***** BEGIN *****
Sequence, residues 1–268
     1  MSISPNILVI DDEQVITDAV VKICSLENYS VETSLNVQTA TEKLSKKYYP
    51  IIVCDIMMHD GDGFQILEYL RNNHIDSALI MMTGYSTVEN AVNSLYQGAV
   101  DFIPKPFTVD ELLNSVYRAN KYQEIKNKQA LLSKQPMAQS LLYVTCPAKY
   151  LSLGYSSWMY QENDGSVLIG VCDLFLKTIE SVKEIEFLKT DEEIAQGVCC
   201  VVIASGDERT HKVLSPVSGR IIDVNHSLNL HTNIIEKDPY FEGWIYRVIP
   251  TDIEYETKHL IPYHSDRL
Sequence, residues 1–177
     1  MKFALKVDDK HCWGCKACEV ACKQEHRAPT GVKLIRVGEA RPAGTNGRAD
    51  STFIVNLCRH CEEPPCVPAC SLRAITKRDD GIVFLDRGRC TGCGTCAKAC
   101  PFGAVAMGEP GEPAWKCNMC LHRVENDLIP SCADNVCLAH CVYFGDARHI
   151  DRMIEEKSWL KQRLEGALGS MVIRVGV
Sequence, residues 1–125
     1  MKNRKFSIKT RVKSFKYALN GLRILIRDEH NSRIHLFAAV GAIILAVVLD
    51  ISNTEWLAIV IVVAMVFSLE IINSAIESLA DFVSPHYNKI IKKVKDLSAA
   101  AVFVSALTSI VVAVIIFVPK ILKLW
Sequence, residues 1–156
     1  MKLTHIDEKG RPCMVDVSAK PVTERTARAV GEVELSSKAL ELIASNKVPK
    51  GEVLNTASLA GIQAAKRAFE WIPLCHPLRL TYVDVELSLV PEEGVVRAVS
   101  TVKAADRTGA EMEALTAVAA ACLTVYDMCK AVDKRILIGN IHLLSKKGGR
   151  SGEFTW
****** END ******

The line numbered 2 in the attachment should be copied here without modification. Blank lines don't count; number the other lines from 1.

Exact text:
     1  MSISPNILVI DDEQVITDAV VKICSLENYS VETSLNVQTA TEKLSKKYYP